generalized dominance relations that can be computed on one and two mode networks.

## Arguments

- A
Matrix containing attributes or relations, for instance calculated by indirect_relations.

- type
A string which is either 'one-mode' (Default) if

`A`

is a regular one-mode network or 'two-mode' if`A`

is a general data matrix.- map
Logical scalar, whether rows can be sorted or not (Default). See Details.

- benefit
Logical scalar, whether the attributes or relations are benefit or cost variables.

## Details

Positional dominance is a generalization of neighborhood-inclusion for
arbitrary network data. In the default case, it checks for all pairs \(u,v\) if
\(A_{ut} \ge A_{vt}\) holds for all \(t\) if `benefit = TRUE`

or
\(A_{ut} \le A_{vt}\) holds for all \(t\) if `benefit = FALSE`

.
This form of dominance is referred to as *dominance under total heterogeneity*.
If `map=TRUE`

, the rows of \(A\) are sorted decreasingly (`benefit = TRUE`

)
or increasingly (`benefit = FALSE`

) and then the dominance condition is checked. This second
form of dominance is referred to as *dominance under total homogeneity*, while the
first is called *dominance under total heterogeneity*.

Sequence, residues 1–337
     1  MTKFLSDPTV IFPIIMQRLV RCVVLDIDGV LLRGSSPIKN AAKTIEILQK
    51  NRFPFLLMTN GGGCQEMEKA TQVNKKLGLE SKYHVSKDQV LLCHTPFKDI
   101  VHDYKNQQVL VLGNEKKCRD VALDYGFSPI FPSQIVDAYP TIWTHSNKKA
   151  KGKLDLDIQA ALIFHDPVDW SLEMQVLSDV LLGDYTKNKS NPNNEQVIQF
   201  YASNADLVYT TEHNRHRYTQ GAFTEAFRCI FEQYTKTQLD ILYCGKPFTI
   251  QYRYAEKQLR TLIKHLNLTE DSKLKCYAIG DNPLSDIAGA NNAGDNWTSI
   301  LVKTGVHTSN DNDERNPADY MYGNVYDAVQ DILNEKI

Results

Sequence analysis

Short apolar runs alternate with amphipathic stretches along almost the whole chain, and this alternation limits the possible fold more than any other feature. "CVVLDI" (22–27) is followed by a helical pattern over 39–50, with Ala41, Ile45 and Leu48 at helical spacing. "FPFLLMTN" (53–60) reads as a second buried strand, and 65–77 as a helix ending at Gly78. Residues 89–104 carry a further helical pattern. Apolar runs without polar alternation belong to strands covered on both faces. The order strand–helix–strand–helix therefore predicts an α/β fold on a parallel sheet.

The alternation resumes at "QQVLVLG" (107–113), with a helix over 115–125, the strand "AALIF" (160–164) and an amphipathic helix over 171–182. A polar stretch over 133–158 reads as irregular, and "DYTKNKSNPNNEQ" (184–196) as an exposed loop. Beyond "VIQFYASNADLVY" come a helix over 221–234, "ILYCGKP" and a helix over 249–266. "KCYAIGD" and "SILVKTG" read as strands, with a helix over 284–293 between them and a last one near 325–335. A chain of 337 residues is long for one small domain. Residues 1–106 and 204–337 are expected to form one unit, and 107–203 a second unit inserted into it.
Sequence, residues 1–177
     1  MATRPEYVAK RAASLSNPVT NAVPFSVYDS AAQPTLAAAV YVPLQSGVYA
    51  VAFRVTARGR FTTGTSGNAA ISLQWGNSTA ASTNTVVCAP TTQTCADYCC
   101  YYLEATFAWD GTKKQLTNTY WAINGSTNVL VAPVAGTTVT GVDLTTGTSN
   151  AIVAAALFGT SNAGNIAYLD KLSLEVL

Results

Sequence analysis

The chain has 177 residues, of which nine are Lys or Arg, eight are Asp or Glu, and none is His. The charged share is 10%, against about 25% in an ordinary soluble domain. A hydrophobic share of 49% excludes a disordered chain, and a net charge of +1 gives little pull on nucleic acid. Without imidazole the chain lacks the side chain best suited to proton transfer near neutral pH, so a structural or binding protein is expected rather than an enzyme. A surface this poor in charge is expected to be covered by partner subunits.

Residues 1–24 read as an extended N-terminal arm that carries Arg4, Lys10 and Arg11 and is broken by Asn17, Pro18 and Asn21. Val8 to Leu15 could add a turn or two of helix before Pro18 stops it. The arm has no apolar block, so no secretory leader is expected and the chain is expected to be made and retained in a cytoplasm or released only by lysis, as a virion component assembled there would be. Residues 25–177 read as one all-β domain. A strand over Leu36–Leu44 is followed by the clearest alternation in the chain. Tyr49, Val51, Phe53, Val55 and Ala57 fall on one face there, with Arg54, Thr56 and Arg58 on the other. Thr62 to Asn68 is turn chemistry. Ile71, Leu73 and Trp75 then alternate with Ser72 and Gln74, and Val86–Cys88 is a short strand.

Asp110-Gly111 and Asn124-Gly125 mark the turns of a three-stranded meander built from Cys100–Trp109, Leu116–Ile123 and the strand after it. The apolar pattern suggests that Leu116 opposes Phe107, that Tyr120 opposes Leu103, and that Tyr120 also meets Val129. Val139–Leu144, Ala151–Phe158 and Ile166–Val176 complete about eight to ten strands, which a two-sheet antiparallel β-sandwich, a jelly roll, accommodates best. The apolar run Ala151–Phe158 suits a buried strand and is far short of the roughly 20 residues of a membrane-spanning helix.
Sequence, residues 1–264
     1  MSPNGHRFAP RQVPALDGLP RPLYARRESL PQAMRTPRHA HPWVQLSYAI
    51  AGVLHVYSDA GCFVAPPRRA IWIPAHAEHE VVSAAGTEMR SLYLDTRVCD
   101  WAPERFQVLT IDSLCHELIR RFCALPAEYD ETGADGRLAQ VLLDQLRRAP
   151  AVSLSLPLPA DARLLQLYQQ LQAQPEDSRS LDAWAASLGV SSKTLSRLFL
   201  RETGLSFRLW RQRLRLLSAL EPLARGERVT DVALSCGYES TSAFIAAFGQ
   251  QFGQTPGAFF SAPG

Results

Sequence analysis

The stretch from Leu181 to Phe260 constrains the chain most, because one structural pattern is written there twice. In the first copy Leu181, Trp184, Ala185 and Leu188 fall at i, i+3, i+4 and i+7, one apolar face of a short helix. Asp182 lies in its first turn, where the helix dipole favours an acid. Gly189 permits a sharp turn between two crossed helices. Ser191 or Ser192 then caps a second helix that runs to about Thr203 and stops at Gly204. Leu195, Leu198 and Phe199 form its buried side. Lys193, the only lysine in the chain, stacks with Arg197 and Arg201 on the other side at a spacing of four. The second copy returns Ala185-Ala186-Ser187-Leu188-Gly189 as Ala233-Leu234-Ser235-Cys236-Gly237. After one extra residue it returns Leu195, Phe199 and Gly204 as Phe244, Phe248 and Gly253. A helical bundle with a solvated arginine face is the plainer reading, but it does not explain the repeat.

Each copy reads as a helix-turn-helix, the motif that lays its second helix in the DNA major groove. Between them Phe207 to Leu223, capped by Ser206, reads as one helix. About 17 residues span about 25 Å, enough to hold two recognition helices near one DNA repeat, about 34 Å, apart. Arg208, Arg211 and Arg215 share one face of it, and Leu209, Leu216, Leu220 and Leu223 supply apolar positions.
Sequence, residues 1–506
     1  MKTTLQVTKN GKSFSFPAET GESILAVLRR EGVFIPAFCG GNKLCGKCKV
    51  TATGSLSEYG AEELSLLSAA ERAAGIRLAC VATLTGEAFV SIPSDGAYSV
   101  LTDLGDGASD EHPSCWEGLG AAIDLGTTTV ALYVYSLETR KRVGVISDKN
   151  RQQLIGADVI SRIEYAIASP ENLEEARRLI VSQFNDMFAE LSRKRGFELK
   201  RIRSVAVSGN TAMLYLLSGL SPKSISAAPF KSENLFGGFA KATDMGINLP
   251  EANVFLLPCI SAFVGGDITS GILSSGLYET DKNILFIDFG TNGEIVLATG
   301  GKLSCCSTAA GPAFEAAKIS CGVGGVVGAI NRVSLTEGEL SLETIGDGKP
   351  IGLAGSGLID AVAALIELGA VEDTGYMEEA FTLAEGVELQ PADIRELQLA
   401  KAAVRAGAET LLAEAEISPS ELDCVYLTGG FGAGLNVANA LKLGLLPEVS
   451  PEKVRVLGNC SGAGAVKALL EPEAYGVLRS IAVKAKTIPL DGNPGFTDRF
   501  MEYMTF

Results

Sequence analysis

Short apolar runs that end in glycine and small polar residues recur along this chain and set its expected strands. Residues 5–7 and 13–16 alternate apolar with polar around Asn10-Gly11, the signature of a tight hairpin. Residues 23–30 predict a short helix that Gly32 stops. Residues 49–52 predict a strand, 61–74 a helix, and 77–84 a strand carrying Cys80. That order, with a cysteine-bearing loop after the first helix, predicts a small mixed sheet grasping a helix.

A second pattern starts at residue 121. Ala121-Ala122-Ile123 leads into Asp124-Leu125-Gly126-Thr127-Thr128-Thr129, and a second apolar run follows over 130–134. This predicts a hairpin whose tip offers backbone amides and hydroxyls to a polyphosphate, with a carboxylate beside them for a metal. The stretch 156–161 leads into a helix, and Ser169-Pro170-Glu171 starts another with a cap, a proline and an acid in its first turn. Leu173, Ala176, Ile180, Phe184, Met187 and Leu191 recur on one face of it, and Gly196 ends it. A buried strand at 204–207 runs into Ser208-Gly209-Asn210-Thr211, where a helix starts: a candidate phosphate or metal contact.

## References

Brandes, U., 2016. Network positions. *Methodological Innovations* 9,
2059799116630650.

Schoch, D. and Brandes, U., 2016. Re-conceptualizing centrality in social networks.
*European Journal of Applied Mathematics* 27(6), 971-985.

## Examples

```
library(igraph)
data("dbces11")
P <- neighborhood_inclusion(dbces11)
comparable_pairs(P)
#> [1] 0.1636364
# positional dominance under total heterogeneity
dist <- indirect_relations(dbces11, type = "dist_sp")
D <- positional_dominance(dist, map = FALSE, benefit = FALSE)
comparable_pairs(D)
#> [1] 0.1636364
# positional dominance under total homogeneity
D_map <- positional_dominance(dist, map = TRUE, benefit = FALSE)
comparable_pairs(D_map)
#> [1] 0.8727273
```